Sign-up deadlines for CWB’s pool programs have come and gone, but the former Canadian Wheat Board is still looking for more grain.
"We’ve been able to get some really good sales for the tonnes that we have now, and movement has been really good," said Gord Flaten, CWB’s vice-president of grain procurement. "So, looking to the rest of the year, we’d be interested in doing some additional business."
One way CWB hopes to attract farmers still looking to market their wheat is through its cash contracts, which are different this year than when CWB had a monopoly on all wheat grown in Western Canada.
"In the past the cash options used to be linked to the pools, we had pricing options that would allow farmers to take out cash contracts," Flaten said. "Now, the cash contracts are completely separate from the pools."
The amount of tonnage CWB has had committed to it so far is not being disclosed, but Flaten said they’re satisfied with the number, despite that amount being less than originally anticipated.
"I think the whole industry has seen farmers commit less than they expected at this point in the year and that’s what we saw too," he said.
Flaten said a lot of grain is still uncommitted due to the new open market system, and farmers waiting for stronger prices.
One grain analyst said that probably about 65 per cent of the western Canadian wheat crop has yet to be marketed.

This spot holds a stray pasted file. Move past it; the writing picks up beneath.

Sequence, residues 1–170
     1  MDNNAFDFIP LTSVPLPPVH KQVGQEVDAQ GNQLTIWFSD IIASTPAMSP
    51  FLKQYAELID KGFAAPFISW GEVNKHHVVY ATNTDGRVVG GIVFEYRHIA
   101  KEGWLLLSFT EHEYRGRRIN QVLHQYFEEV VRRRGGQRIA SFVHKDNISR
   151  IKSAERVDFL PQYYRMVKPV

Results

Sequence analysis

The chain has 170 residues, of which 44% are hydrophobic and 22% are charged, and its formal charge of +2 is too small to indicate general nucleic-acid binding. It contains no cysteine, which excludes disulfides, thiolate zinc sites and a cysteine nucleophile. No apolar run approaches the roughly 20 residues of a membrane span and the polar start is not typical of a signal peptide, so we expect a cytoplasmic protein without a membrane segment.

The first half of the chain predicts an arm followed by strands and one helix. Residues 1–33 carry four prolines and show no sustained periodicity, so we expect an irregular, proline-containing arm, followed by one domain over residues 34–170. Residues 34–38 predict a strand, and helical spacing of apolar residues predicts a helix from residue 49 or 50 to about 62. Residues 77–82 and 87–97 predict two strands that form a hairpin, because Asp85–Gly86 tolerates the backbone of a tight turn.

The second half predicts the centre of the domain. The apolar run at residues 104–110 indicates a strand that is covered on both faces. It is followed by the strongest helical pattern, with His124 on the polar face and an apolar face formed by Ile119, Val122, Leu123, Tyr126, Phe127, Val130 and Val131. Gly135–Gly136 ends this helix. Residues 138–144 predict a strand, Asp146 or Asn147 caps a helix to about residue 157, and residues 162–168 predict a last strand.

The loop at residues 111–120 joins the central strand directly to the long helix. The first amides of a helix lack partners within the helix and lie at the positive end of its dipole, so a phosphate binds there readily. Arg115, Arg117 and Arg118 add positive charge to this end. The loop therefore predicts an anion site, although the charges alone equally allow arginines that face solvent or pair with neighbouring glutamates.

However, the analyst said, it’s probably going to be difficult for CWB to procure some of that wheat because "they’re not paying high enough prices."
The CWB, the analyst said, will likely also run into problems convincing farmers to contract through it, because grain handlers will beat them to the punch.
"The elevator managers for the grain companies know exactly what producers shipped through the wheat board last year," the analyst said. "And, when you see that information right in front of you, you can go in front of CWB and use your sales technique savvy to show the producer that if he delivers his wheat to the non-board market he’s going to make more money."
Flaten noted CWB will continue to focus on procuring grain through its cash contracts for the remainder of the year, and will probably continue to run similar programs next year.
"We’ve had pretty positive feedback on our pools and our programs so far, so I expect that we’ll look at similar programs for next year," he said. "But, we’re going to keep our minds open and respond to what farmers tell us."
— Terryn Shiells writes for Commodity News Service Canada, a Winnipeg company specializing in grain and commodity market reporting.